A Glossary of Basic Finance Terms: From ETF to Mutual Fund

money jargon

You don’t have to be a finance whiz to manage your money well. But to truly have a handle on your finances and meet your goals, you need to amass some basic financial knowledge.

The more you understand, the more successful you’ll be — even if you’re paying a financial planner to help you. Here are 10 often misunderstood finance terms and what they mean.  

IRA: An Individual Retirement Account, or IRA, is an account that allows you to save for retirement with tax-free growth or on a tax-deferred basis. With a traditional IRA, earnings are tax-deferred, meaning you don’t pay taxes on contributions until you withdraw. In a Roth IRA, contributions are made after taxes are paid, so growth is tax free. A SIMPLE IRA (Savings Incentive Match Plan for Employees) is sponsored by a small employer and allows for contributions from both employer and employee.  

401(k): A 401(k) plan is an employer-sponsored retirement plan that allows for contributions from both employee and employer. In many cases, employers offer a matching contribution up to a certain percentage of the employee’s salary. A 403(b) is a similar, employer-sponsored plan for nonprofit and government employers.

Annuity: An annuity is an insurance product that pays income to the owner and is sometimes used as part of a retirement strategy. When you purchase an annuity, you make an investment in it and it makes payments to you on a future date or dates, such as on a monthly, quarterly, or annual basis.

Mutual fund: A mutual fund is an investment vehicle that pools funds from many investors and uses them to purchase stocks, bonds, and money market instruments. The fund is managed by a professional money manager and each investor can sell his or her shares at will.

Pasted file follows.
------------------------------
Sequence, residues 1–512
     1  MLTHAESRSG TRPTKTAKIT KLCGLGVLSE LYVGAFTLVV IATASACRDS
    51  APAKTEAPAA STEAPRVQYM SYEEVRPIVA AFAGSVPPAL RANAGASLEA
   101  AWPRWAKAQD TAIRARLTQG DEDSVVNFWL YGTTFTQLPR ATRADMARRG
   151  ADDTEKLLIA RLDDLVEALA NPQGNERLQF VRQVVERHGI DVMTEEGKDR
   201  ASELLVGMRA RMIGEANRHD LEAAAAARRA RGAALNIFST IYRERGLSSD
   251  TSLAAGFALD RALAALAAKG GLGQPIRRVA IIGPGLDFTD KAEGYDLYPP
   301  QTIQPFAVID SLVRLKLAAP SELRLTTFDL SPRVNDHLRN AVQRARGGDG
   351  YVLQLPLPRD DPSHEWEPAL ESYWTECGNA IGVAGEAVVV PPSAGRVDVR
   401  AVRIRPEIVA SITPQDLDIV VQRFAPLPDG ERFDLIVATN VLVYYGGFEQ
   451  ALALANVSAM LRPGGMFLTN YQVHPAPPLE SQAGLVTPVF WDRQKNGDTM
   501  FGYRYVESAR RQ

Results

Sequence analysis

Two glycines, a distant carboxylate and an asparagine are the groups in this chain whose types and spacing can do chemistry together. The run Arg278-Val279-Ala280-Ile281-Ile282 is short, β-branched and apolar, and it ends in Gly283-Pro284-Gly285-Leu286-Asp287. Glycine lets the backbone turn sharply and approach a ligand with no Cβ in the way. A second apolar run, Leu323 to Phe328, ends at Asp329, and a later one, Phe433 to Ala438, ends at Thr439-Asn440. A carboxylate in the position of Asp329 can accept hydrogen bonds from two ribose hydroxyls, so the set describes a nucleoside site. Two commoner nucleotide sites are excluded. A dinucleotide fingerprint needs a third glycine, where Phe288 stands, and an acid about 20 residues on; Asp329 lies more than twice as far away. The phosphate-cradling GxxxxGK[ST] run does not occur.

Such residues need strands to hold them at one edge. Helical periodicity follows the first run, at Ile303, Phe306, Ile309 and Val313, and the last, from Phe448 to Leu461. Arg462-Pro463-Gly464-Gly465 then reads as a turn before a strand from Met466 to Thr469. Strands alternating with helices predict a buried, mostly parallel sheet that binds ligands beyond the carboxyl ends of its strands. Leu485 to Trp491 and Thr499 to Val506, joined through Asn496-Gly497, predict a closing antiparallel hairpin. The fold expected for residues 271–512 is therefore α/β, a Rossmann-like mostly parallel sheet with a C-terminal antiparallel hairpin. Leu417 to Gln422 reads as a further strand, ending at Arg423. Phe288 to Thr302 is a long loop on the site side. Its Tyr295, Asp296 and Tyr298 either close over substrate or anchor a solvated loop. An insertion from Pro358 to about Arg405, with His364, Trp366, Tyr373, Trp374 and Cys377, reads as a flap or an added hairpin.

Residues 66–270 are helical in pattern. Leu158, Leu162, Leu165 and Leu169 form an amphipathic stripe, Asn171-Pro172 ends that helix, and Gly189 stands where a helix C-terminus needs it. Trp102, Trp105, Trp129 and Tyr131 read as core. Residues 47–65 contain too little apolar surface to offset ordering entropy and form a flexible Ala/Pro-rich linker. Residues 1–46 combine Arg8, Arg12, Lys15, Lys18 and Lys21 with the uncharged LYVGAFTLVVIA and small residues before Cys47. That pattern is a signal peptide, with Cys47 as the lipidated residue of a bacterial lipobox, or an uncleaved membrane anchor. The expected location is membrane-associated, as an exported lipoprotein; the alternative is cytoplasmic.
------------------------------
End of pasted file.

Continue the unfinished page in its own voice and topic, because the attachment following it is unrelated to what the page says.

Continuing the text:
ETF: An ETF, or exchange-traded fund, is an investment fund that holds assets such as stocks, commodities, and bonds. An ETF can be an attractive investment because of its low costs, tax efficiency, and stock-like features. (Here’s how it differs from a mutual fund.)

REIT: A REIT, or real estate investment trust, is a security that trades on the major exchanges like a stock but is invested in real estate, either through properties or mortgages.

Active management and passive management: Also known as active investing, active management is a portfolio management strategy in which the manager makes specific investments with the goal of outperforming an investment benchmark index. In passive management, investors expect a return that mirrors the investment weighting and returns of a benchmark index. Passively managed funds are often invested in an index fund.

Credit report: A credit report is a detailed report of your entire credit history, which includes your personal data, a summary of your credit history, and details of any accounts turned over to a credit agency. A credit report also includes your credit score, a three-digit number calculated from your credit history and used by lenders to determine your creditworthiness.  

Liquidity: Liquidity refers to the ability to convert an asset to cash quickly. For instance, blue chip stocks and money market securities can be quickly sold and converted into liquid cash.

Returns: The return is your profit on an investment. It includes any change in value, including interest or dividends, that the investor may receive from the investment.

You Might Also Like:
11 Basic Tax Terms to Know
Money Habits to Start NOW
Is It Time for a Debt Detox?

Tagged in: Nancy Mann Jackson
ADVERTISEMENT
ADVERTISEMENT
ADVERTISEMENT
ADVERTISEMENT